By Dr. Ali Awad Asiri
In my capacity, as ambassador of the Kingdom of Saudi Arabia, and by virtue of my knowledge of the Lebanese peculiarity and the extensive discussions that I had with those who represent its symbols, including politicians and businessmen, I believe that the agreements reached during the Doha meeting - which were publicly disclosed to ensure transparency, are the best palliative remedy for the impasse that the country is experiencing.
I say that it is analgesic on the basis that after reducing the level of pain resulting from stiffness and stubbornness, it is possible to move to something better.
As for why I see this, it is because the parties that met and deliberated on the case of the Lebanese patient practically represent the Arab and international dimension of the Lebanese specificity. It suffices to reflect on the positions of each of the five countries to confirm my saying, in my capacity as connoisseur of the depth of the Lebanese specificity.
One might think that practically involving Iran in the talks that took place would have made the solution more attainable. However, Iran’s non-participation does not mean that those who held the discussions in Doha and not elsewhere did not look at the Qatari role in hosting and managing the meeting. However, it represents, in some aspects of the consultations and what was agreed to be announced publicly, the unspoken Iranian desire to see an objective and dignified end to the intractable Lebanese crisis.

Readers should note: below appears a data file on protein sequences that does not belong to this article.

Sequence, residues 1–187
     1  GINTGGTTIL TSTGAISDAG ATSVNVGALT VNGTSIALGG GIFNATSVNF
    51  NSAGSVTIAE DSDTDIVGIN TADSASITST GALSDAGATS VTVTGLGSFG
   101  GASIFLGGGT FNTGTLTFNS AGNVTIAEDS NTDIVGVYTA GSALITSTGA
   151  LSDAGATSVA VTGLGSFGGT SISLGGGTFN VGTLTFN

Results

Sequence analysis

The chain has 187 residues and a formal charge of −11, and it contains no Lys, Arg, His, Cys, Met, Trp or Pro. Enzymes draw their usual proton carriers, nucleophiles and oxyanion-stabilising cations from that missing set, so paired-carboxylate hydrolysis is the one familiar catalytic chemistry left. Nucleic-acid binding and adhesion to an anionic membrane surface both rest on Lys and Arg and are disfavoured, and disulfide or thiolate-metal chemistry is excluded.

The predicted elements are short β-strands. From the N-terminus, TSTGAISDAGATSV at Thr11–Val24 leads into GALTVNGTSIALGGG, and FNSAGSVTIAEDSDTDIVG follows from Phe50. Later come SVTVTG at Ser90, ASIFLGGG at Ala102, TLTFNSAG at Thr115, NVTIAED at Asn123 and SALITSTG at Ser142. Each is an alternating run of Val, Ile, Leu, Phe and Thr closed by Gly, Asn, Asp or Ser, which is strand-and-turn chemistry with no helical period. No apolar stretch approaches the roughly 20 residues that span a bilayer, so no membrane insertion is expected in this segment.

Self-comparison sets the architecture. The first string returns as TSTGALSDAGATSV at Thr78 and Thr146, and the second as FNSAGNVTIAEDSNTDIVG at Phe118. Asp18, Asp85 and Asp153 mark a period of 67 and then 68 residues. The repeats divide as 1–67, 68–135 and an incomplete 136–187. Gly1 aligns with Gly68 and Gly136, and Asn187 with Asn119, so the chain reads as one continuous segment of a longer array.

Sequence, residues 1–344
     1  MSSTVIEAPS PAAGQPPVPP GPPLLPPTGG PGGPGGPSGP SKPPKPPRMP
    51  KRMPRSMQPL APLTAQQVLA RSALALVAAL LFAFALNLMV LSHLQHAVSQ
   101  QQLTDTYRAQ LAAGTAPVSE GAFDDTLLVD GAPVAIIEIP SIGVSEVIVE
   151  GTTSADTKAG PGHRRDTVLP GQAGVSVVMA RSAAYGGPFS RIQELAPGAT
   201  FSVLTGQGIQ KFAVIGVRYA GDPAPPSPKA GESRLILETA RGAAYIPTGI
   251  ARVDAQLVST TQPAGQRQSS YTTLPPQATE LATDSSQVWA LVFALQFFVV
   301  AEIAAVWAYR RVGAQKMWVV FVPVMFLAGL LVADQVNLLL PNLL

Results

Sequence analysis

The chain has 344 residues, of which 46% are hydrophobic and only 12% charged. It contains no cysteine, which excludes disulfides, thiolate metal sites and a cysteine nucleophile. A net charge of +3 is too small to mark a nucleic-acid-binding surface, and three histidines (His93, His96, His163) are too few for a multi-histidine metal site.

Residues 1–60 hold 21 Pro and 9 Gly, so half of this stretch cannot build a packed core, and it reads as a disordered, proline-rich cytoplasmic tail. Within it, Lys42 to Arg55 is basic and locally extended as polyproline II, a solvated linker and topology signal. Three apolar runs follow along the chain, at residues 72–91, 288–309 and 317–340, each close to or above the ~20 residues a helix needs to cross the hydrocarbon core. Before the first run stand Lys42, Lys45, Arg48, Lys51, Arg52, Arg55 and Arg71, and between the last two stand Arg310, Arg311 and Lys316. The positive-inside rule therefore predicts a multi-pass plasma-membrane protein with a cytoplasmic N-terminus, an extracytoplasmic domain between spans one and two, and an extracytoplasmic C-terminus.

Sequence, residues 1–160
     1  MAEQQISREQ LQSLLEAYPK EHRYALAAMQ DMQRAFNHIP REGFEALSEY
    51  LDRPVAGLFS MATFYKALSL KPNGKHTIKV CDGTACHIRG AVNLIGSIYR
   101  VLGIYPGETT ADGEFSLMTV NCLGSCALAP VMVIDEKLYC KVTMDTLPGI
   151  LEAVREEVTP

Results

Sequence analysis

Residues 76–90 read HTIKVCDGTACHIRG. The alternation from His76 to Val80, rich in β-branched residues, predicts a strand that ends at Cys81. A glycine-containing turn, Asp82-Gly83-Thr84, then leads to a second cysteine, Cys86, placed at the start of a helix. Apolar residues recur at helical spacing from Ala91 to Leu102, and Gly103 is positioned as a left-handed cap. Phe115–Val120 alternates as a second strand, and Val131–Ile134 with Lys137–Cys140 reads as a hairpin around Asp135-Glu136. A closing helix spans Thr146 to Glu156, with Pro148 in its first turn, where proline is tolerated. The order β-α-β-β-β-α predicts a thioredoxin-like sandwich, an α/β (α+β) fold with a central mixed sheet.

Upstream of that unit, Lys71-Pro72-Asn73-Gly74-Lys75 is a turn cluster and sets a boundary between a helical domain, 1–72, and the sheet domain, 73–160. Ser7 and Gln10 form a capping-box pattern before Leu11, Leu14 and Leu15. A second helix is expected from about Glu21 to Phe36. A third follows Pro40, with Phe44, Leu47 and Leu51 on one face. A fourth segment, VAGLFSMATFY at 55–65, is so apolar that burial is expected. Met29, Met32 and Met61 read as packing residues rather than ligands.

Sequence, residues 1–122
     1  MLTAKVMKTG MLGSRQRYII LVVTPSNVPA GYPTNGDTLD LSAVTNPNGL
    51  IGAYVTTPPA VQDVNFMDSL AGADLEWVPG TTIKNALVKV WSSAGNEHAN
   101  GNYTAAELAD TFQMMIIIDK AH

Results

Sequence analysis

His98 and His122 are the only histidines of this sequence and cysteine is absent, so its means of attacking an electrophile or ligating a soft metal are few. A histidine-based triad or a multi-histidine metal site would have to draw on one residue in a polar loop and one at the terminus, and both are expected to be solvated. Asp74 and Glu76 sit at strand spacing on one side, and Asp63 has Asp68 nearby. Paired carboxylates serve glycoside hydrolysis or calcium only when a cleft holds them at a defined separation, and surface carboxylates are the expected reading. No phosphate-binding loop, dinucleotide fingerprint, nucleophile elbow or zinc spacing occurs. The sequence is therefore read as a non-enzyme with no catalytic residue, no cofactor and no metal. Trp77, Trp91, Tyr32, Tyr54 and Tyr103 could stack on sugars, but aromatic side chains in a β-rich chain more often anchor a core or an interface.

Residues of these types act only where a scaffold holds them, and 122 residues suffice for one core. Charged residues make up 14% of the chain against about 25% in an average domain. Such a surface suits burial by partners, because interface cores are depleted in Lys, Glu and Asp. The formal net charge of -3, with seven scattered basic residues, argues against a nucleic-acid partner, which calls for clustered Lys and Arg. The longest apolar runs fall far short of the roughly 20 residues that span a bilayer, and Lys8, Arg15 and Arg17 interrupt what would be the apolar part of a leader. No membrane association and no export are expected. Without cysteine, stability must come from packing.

In my opinion, the fact that part of the symbols of Lebanese peculiarity carefully read the outcome the five-party consultation concluded in Qatar is sufficient to make the temperature of stubbornness, which exceeds the weather temperatures these days, recede a little, then a lot.
Without this careful reading, one can say goodbye to this particularity. This is what I do not wish for a country that enjoys great attention from those who participated in the talks in Doha, just as the people of Lebanon deserve the blessing of stability.
The rotation of demands and the re-selection of names somehow dispels the atmosphere of stubbornness that is reflected in phrases that neither serve the country, nor build hopes or preserve a national and sectarian formula.
I conclude with a question: Is this logical in anything? To have a realistic safety umbrella called the Taif Accord, and five friendly and active Arab and international countries that are keen on Lebanon more than its politicians - those who were elected to perform the tasks stipulated in the constitution, and not to deal with these tasks with an irresponsible behavior?
*Former Saudi Ambassador to Lebanon